The main problem that keeps so many green products inaccessible to the larger population is the price point. As the demand has increased, much progress has been made in lowering those prices to a competitive rate with the mainstream market. If we can make “green” the norm, we all contribute to the sustainability of our world itself.
TAFA’s members are judged on the quality of their product, their professionalism, web presence, and in how they contribute to the group as a whole. From the beginning, we sought diversity within the group, giving products from different traditions and price points equal representation. But, because membership is curated, we keep quality and presentation as a high priority, which helps create a pleasing destination for the visitor.
Many of our members are studio artists creating high-end art quilts or weavings destined for galleries and corporate buyers. They have traditionally been shown in separate circles from similar products made by cottage industries or fair trade groups. On TAFA, visitors who might normally look for fair trade or green products might find inspiration by a contemporary art quilt, or a boutique looking for new handmade work, might find fair trade pillows that fit perfectly in their shop.
Thus, a weaver from Guatemala and a weaver from Arizona get to access the same markets. The Guatemalan may not have the technical expertise, language abilities or access to a computer to get herself on the web, so she might find representation through a fair trade organization or a small importer. TAFA embraces all of these scenarios and sees them as part of a larger picture of sustainability: one where we own our choices. We each decide what system works best to fulfill our needs and interests: independent artist, non-profit, small business, etc. TAFA’s role is to promote the end product and to take the visitor to wherever the member is at on the web.
Both the working artist in a developed country and the “artisan” in a Third World country face similar problems in accessing larger markets, of breaking out of their niche. The web has helped make this more affordable and democratic, but navigating it and staying on top of constant change can drain an artist or small business, taking time away from the studio or production. TAFA can help sift through the chatter and point to the best usage of one’s time and members benefit from each other’s experiences.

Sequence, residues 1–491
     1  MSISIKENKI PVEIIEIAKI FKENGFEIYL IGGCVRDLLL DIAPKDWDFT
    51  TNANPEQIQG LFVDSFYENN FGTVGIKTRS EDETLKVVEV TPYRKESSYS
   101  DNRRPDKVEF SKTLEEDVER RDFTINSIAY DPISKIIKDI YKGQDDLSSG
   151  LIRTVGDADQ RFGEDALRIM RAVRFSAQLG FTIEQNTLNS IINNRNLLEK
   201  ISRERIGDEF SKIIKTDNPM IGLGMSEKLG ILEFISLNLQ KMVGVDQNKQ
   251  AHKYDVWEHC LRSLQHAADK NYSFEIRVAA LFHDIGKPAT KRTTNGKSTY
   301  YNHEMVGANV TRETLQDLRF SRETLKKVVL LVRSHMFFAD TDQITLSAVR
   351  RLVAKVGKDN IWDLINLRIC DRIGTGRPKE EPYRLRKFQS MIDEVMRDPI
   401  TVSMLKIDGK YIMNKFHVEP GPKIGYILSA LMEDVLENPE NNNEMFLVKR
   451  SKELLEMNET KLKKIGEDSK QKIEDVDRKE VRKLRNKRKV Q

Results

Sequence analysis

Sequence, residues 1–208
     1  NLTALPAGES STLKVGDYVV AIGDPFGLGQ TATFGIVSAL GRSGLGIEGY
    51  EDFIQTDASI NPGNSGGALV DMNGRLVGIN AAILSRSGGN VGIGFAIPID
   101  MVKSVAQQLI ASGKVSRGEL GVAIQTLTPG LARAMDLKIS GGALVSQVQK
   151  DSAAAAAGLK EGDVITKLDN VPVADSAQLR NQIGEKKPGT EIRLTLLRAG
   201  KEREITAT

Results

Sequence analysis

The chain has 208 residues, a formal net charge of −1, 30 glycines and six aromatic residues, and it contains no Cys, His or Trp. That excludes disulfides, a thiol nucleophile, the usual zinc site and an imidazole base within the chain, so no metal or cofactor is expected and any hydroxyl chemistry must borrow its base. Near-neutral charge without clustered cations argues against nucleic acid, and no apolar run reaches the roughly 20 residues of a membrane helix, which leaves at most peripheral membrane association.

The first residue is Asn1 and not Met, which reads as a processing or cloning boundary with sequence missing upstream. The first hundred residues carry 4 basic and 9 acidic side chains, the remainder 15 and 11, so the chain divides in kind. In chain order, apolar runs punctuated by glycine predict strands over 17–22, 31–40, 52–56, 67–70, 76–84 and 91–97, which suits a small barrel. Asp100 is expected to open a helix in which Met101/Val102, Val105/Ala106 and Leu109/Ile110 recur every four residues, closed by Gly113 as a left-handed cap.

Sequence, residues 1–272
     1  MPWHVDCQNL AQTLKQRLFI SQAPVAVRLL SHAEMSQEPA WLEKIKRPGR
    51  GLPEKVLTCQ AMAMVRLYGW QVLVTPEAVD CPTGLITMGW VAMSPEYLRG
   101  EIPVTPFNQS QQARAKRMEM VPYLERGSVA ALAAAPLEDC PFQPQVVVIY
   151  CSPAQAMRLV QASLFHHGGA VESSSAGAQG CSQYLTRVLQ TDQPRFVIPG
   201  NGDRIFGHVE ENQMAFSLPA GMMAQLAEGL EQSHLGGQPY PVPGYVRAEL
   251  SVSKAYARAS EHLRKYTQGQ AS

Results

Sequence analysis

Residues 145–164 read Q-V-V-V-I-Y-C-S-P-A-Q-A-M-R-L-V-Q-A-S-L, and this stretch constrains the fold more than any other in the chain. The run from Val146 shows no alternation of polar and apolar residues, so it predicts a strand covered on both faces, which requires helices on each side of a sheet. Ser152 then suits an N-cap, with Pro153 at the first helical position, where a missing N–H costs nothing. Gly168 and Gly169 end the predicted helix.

Economic development initiatives normally address issues of poverty, looking at how a distressed area can access the opportunities it needs to sustain itself. Yet, it can also look at how we can avoid dropping into poverty. If we consider that that a healthy society should support the creation of art and functional craft, then one would hope that the makers should also live well with health insurance, decent housing, and life choices that allow for mobility. When there is a recession, as we have experienced world-wide in the last decade, artists suffer the threat of moving into poverty as most have few safety nets in times of economic instability. Organizations such as TAFA seek to assist artists in living a sustainable life.
The 1970’s saw the beginnings of the fair trade movement. Organizations that have been around since then can now demonstrate the impact: schools, clinics, better housing and nutrition, etc. It was also a time of craft revival around the world. Many of the textile and fiber artists who elevated functional craft to art status during that time are now retiring or dying. Their persistence and experiments paved the way to the amazing movements we see today: works which push the boundaries of the traditional into new interpretations of what is art. These two movements have run parallel to each other but merged into what we now call “indie” art. Cottage industries are no longer a third world phenomena, but are a vibrant part of our world economies, including in the United States, Canada, Europe and Australia.
The internet has allowed individuals to create a web presence as powerful as a large corporation’s. I used to buy from small importers and re-sell on eBay several years ago. There was a small group of people like me who had Zulu baskets, African indigo, Tibetan bells and so on. Now, I have been cut out by people selling directly from those faraway places. The Uzbeks, Moroccans, Mexicans, and Aborigines are selling their own work, directly to the public. This is as it should be, but it gets us back to that problem of competition and access to the markets. By coming together as a group under TAFA’s umbrella, we hope to find those people who will support and sustain artists and artisans.
For me, the last ten years on the internet have been amazing. I am able to live in a small town in Kentucky and still access the world. I have friendships with people I will probably never meet. People buy from me and they live in countries that I might never visit. This virtual community has impact and it creates both sustainability and economic development. And it’s mostly about women. The fastest growing population on Facebook is women over 50. I just turned 50 and TAFA’s demographic is exactly that. Yes, we have many young women and some men who are members, but our Facebook and Google Analytics stats tell us that our base is made up of women over 50. This tells me that we, as a group, have power. We can change the way things are done in this world, starting in our homes and extending out to the ways we earn a living and the purchases we make.
TAFA is a part of a picture of sustainability through partnership—a place where we join together to make transformation happen. We need the writers and the readers, the makers and the buyers, the speakers and the audience. When we stand alone, we face an insurmountable gap. But together bridges are built and we can create something out of nothing.
You can visits the artists through TAFA’s Member List.